Las Vegas resident Tanya Angus, who was said to have the worst case of gigantism in the world, died yesterday. She was 34 years old.
Angus suffered from acromegaly, a rare condition caused by excess growth hormone after puberty. Her website reports that she passed away "due to her heart and TIA [transient ischemic attack, or a small stroke]".
The condition can cause a great deal of pain and other health problems. In Ms. Angus's case, at 34 years old, she was being crushed by her own weight. At the time of her death, she was 7 feet tall and 400 pounds.
Acromegaly is typically caused by a benign tumor on the pituitary gland. Such was the case in Ms. Angus's life as well, but her tumor was wrapped around the carotid artery, rendering it inoperable.
Other treatment attempts did more harm than good. Over the years, she had radiation and surgery to combat the condition. According to ABC News, one 13-hour surgery nearly killed her and another caused a stroke that left her nearly deaf.
When Medical Daily reported on Angus last year, she had stopped growing, thanks to a drug that she had been taking over the course of a year. However, her website reports that treatment was also short-lived, saying that her recent blood work found her IGF-1 levels to be in the 500s. In fact, her website notes that she "[was] the only known case in the World where surgery, medication and other treatments have not been successful in stopping her growth."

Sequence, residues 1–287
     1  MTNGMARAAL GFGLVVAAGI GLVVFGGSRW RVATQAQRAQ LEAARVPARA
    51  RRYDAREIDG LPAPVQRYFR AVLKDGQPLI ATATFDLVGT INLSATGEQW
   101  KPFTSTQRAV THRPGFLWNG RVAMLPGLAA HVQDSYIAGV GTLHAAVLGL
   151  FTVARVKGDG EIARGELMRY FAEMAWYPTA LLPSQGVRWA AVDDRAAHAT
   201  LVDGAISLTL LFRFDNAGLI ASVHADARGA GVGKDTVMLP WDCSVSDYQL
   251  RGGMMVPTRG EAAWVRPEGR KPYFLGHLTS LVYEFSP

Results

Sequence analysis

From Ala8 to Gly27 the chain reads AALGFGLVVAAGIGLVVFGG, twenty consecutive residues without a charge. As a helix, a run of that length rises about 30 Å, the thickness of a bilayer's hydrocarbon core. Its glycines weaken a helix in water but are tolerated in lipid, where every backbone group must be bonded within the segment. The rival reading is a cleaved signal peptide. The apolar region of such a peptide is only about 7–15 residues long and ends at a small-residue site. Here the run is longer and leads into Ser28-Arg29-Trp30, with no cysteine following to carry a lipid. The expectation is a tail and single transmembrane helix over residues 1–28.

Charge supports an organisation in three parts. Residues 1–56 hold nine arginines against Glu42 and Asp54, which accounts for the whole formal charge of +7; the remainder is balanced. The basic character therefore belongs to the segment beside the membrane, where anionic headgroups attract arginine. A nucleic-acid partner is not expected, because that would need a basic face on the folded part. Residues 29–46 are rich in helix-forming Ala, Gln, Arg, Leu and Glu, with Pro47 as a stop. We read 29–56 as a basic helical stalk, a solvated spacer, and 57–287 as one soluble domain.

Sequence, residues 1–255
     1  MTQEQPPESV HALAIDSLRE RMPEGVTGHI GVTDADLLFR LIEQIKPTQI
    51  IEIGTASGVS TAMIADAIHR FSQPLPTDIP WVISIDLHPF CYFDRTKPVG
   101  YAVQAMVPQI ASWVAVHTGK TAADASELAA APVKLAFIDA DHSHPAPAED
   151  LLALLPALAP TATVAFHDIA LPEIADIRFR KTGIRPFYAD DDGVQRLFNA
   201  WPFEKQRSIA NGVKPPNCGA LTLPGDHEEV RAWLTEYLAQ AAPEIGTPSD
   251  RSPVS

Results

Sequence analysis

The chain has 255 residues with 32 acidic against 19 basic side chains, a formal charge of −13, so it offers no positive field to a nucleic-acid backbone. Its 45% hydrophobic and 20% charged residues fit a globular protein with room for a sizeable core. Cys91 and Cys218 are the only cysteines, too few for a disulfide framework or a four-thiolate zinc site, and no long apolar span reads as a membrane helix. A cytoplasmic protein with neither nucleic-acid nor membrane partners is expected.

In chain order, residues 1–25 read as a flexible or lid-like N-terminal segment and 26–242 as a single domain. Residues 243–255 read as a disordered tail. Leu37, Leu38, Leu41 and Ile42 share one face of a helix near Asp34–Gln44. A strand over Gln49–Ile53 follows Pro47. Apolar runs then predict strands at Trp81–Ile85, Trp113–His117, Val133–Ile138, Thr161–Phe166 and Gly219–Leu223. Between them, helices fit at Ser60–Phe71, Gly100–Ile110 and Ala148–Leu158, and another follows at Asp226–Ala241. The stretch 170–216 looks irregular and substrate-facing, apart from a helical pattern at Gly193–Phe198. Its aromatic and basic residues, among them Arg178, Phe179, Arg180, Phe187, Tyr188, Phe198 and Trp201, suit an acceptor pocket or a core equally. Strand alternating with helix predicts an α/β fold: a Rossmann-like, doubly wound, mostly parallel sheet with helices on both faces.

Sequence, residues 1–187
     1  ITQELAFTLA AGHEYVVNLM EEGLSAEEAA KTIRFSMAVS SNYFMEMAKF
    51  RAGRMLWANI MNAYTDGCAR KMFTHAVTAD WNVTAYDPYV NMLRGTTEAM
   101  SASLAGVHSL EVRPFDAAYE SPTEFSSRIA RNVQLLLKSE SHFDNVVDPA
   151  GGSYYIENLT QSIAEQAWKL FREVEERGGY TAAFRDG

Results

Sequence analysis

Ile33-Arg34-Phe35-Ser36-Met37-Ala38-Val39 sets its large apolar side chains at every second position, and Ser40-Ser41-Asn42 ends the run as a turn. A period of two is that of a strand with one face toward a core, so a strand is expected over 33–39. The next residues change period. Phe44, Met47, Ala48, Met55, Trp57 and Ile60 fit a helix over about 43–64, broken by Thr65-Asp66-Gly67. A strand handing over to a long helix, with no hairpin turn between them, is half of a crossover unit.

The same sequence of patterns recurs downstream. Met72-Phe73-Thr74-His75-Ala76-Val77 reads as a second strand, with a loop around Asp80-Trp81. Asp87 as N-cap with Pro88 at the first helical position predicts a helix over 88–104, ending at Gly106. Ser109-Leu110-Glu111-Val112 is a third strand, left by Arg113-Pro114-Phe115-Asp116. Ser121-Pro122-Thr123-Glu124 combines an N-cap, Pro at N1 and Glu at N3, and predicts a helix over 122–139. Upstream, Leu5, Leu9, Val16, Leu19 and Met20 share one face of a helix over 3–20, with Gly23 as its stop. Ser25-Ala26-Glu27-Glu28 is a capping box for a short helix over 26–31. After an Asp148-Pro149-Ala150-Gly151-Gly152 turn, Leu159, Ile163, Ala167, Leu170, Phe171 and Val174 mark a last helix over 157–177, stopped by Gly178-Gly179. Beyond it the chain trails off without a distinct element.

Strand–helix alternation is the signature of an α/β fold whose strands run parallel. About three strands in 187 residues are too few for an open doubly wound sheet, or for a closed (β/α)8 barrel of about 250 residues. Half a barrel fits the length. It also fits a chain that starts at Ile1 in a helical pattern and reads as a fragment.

Angus' battle against acromegaly started at the age of 21. Thirteen years ago, Angus was a tall, trim woman, measuring 5 feet 8 inches and weighing 135 pounds. She lived in Michigan with her boyfriend and enjoyed riding horses. One day, though, she noticed that her clothes did not fit the same and her hands were larger. By the age of 22, she had grown three inches. Her boyfriend broke up with her because of his parents' suspicion that she was a man. Angus subsequently returned to Las Vegas, where her condition progressed. The condition caused her to be in such severe pain that being in the pool was her only relief.
She was also an inspiration to the acromegaly community. "No matter how tired or sick she was, you could always count on Tanya for a smile and a hug that was guaranteed to raise your spirits," Wayne Brown, the founder of the Acromegaly Community, said.
The community has a tribute to Angus on their website, reading, "Rest in peace, princess."
Published by Medicaldaily.com